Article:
RC

# In mathematics, the exponential function is the function ex, where "e" is the base of natural logarithms. It is a special case of the natural logarithm, which is the inverse function of the exponential function. The exponential function is defined for real arguments x by the power series: The exponential function is a periodic function with period 2. The exponential function is an entire function, which means that it is differentiable for all x and its derivative is nonzero for all x. The exponential function maps the real numbers onto the non-negative real numbers. The exponential function is a special case of the hyperbolic cosine function. The exponential function is used to model a relationship in which a constant change in the independent variable gives the same change in the dependent variable. The graph of y = ex is upward-sloping, and increases faster as x gets larger. Its slope is positive, since ex has a positive slope. The exponential function is also used to model exponential growth, in which a constant change in time gives the same proportional change in some other quantity. The graph of y = ex is upward-sloping, and increases faster as x gets larger. Its slope is positive, since ex has a positive slope. The exponential function is also used to model exponential growth, in which a constant change in time gives the same proportional change in some other quantity.

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Welcome to our review video on the properties of exponential XYZ. In this video, we're going to look at how exponential show up in physics and then what we can do to solve the equations that they show up in We're going to start with a very simple one, the one that does not show up until the physics 102 class. This is when we're looking at a circuit that has a resistor and capacitor inside it. Don't worry if you don't know what those are. Um, that means that we when we have this type of circuit, then we have current which we right as the variable I that the current at any particular time T is equal to the original current times e to the negative t divided by sometime Constant. That will call Tao at this time. So you can see here We've come up with this e to the negative, Uh, e to a negative times are independent variable here where the independent variable is time. And so what we want may want to do is to say, Hey, at what time will it be when we have a particular current? I So let's say we have a ni final that's equal to our initial and we want to know at what point in time will we reach this I final? So the way we conduce, that is just there's some quick algebra we have i f over I zero is equal to e to the negative t over Tau. And then the simplest thing to be to do here actually is not to use any of the log properties except to remember that the natural log is going to be the inverse of the exponential function. So if I take the natural log of both sides of this, have a natural log of I f over I zero is equal to e to the negative our natural log of e to the negative t over tau. Yeah, natural log of E to the negative t over Tau. Then I can look at this and say, Oh, well, natural log will get rid of my e here, which will leave me with the natural log of what are essentially two constants on this side equal to negative t divided by tau. And we can very quickly solve for T in this case, Negative Tao times the natural log of I s over. I zero note that I f is going to be different from I zero. In this case, we would hope it would end up being giving us a negative natural log rhythm. In that way, we would have a positive time. It would be after t equals zero. Um, so we wanna watch for that whenever we solve a problem like this to make sure that we get a physical time. So this is one way that it can be done. Um, other places that it can show up, as I mentioned before is in the damped oscillations equation where we might have something that looks like position is a function of time is equal to some constant times e to the again. We're going to have this e to the negative, uh, t over some constant tau. There's a bunch of stuff inside there that I'm not gonna worry about right now. And then we'll multiply that by a a trigger The metric functions. Something like cosine of Omega T plus five again. Don't worry what all these variables mean right now, you'll find you'll come across them as you get to this section on oscillations. The important thing is that here we might say, Oh, well, uh, be really difficult to solve for T in this case. So generally you'll get a question that will be something along the lines of. Well, when will the amplitude of the oscillation be a particular size? In that case, you don't have to worry about CoSine because the amplitude of CO signs always just gonna be one. And you could say, Oh, well, when I have an amplitude A we'll call it a final in this case that will be equal to a times E to the negative t over Tau. And we can do the same trick that we just did over here by using the fact that the natural logarithms is the inverse operation of the exponential in order to solve for our little tete.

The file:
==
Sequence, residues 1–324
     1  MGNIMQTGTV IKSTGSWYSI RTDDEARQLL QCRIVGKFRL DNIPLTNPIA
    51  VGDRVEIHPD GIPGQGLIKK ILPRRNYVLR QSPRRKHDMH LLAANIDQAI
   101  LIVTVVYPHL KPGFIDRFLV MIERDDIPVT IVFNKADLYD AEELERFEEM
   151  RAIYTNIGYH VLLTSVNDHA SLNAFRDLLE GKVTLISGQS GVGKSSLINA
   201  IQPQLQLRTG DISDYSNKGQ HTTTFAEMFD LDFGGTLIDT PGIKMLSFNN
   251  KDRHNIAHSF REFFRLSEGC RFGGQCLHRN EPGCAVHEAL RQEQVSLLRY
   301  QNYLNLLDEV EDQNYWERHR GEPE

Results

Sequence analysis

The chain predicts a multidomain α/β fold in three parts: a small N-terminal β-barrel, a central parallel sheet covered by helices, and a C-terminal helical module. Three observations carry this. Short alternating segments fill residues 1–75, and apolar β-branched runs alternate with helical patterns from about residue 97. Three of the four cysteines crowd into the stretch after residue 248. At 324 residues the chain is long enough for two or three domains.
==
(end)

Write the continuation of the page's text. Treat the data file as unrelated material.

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University of North Carolina at Chapel Hill
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